“Do you see Palestinian[s] as terrorists? Do you see what Israelis do to Palestinian people? Write about us to the outside.”
Mohammed seemed embarrassed by all the attention, and mostly stayed in his room, listening to friends, cousins and uncles. I was able to chat with him too, through a translator. He’s tall, athletic and broad-shouldered — perfect for a soccer fullback — and quite shy.
I asked him how he was feeling, and he just shrugged. Was he angry? His reply, after I repeated the question in different ways: “Sure I’m angry.”
He opened up somewhat when we talked about soccer. His favorite team is Real Madrid, and we went back and forth naming players, and expressing degrees of approval or disapproval — Zidane, Ronaldo, Figo, Roberto Carlos; he really liked Roberto Carlos.
I tried to get an idea of why he might be a wanted man. Again, just a shrug. His mother, and all the relatives, insisted he basically went to school, played soccer, and stayed at home, and had no associations with political groups.
Saif, a Palestinian activist with the ISM in Nablus, who’s from Askar, put it to me this way: “Every male between 15 to 55 is wanted; [the IOF] don’t need a reason.”
There was some argument about whether the targeted males started at 15, or were even as young as 12. But there was no argument that if you’re a male and Palestinian, you’ll be wanted by the IOF some time for some reason.
Everyone was speculating about why the IOF might want Mohammed. There were two main theories: either a case of mistaken identity, or that the IOF want to use him for information on others through the pressure of family separation and forced detention.
Again, Saif remarked, “At least during the first intifada, they’d try to make sure they got the right person; now, if they’re not sure, they just arrest or kill both people.”
When I left for the night, it was still unclear what decision Mohammed and his family might make. They were expecting a call from the IOF commander the next morning, and feared for another raid on the house. Several ISM international activists stayed the night.
By the next morning, the decision was made.
What I never appreciated from my brief discussion with Mohammed was how upset he felt at the humiliation and terror to which his family was subjected. The family considered the option of helping Mohammed go into hiding, or even openly defy the IOF with the help of ISM activists. The latter option could mean a certain amount of media attention on Mohammed’s case and, potentially, force the IOF to publicly justify their home invasion and detention.
In the end, Mohammed decided to turn himself in, to spare his family any further humiliation or anxiety. The family too rationalized the decision, thinking that at least in prison, they would know he’s still alive. To go into hiding as a “wanted” man means eventual murder at the hands of the IOF.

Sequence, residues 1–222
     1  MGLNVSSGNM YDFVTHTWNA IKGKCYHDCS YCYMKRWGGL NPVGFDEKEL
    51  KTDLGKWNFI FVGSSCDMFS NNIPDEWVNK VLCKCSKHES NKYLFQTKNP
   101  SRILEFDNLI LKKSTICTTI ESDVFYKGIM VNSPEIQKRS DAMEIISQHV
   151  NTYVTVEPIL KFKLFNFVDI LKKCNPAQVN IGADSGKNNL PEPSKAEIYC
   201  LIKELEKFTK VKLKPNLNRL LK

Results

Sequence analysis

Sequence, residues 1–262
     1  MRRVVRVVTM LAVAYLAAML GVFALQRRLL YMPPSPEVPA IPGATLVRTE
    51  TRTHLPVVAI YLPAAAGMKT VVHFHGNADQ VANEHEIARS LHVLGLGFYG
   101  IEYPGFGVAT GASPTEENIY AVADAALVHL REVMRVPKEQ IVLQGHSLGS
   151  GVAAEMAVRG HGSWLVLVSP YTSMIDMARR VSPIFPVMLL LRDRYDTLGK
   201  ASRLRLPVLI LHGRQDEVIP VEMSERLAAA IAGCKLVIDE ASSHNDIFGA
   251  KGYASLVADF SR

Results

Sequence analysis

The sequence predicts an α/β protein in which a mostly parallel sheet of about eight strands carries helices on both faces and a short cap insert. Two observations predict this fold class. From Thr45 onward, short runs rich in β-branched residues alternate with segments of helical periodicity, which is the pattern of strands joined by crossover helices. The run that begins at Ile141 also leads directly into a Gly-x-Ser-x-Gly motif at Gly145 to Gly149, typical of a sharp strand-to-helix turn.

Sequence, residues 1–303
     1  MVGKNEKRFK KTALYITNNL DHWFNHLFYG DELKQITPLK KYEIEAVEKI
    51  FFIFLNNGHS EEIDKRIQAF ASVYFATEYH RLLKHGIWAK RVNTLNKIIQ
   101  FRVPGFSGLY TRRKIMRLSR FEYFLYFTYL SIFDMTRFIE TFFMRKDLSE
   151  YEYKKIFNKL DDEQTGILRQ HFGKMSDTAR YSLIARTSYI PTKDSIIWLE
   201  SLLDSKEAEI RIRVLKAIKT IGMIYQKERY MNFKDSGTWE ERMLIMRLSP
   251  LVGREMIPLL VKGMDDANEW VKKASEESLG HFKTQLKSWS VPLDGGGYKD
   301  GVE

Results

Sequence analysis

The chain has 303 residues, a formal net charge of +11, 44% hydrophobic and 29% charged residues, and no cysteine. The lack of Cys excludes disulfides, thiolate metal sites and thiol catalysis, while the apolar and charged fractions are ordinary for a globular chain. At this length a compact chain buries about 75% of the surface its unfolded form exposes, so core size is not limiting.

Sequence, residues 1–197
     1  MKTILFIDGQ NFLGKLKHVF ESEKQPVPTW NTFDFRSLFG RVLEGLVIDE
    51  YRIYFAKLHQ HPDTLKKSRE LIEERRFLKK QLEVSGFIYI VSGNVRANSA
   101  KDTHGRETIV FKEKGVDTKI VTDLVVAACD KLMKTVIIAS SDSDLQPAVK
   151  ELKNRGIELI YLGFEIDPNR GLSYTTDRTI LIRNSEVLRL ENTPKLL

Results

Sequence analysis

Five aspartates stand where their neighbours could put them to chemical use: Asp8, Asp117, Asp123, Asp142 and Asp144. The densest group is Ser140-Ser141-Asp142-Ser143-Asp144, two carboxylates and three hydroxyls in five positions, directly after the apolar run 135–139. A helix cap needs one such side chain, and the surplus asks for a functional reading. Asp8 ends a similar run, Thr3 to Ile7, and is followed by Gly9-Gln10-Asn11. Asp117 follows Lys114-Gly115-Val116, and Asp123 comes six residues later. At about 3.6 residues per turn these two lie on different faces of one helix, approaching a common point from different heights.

As promised, the IOF commander at Huwarra phoned at 8am sharp today. Mohammed’s father, supported by the presence of ISM internationals, requested the small dignity of allowing his son to say good-bye at home, and meeting the IOF at the base. The commander said he’d phone back in 15 minutes.
Exactly 15 minutes later, the occupation commander phoned, and agreed to meet Mohammed at a location just outside the Askar camp, but not near the base.
Mohammed said goodbye to his younger sisters, kissing each one tenderly. Susan — a long-term ISM activist in Nablus, who’s seen many traumatic situations — found herself breaking down as the sisters began to cry.
Accompanied by his father, mother, sister and older brother, as well as several internationals, Mohammed walked through the Askar camp to his rendez-vous with the Israeli Occupation Forces. Camp residents came out to say their farewells, repeating the Arabic phrase “deer baaluk” [take care], shaking his hand, or kissing his cheeks. A camp procession began to follow Mohammed to his destination.
The IOF commander maintained contact with Mohammed’s father by cell phone, and when he got within sight of the IOF — who had arrived in several armored military jeeps and an APC — the rest of the procession was ordered to stop.
Many of the children who were following were ready with rocks in hand, but they stayed behind as Mohammed proceeded ahead with his father, mother, as well as the internationals whom he wanted with him as protection.
As Mohammed got even closer to the IOF soldiers, he was ordered to walk ahead alone. He kissed his father good-bye and, finally, kissed his mother two times on each cheek before walking up a hill to meet the soldiers.
Before arriving, he was ordered to lift his shirt, and drop his pants. In his underwear — and within sight of his family and friends — Mohammed was asked to turn around.
Mohammed Hashem Ramadan, 19, was placed in a jeep and driven to the IOF’s Huwarra Military Base south of Nablus. He will be held and interrogated there until the IOF decides to hold him in administrative detention — ie. detention without trial — for six months or more — or order his release.
There are currently more than 8000 Palestinians in IOF occupation prisons.
Jaggi Singh is a writer and activist based in Montreal, and a volunteer with the International Solidarity Movement.